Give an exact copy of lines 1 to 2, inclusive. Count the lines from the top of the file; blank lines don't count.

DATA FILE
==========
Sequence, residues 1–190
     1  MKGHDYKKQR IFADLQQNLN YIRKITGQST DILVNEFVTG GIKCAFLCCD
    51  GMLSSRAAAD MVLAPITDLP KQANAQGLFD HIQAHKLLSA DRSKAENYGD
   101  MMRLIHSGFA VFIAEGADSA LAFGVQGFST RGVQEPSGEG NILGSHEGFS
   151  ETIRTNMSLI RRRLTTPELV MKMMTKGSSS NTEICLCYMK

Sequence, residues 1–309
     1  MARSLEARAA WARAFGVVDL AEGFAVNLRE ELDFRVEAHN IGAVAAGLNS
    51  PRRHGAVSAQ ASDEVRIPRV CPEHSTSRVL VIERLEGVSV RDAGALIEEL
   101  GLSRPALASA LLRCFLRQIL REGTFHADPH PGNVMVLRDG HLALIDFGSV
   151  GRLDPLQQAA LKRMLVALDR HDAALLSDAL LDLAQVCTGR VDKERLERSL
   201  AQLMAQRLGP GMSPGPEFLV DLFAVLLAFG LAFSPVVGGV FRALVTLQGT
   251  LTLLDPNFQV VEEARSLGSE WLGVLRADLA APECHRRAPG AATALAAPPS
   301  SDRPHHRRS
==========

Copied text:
Sequence, residues 1–190
     1  MKGHDYKKQR IFADLQQNLN YIRKITGQST DILVNEFVTG GIKCAFLCCD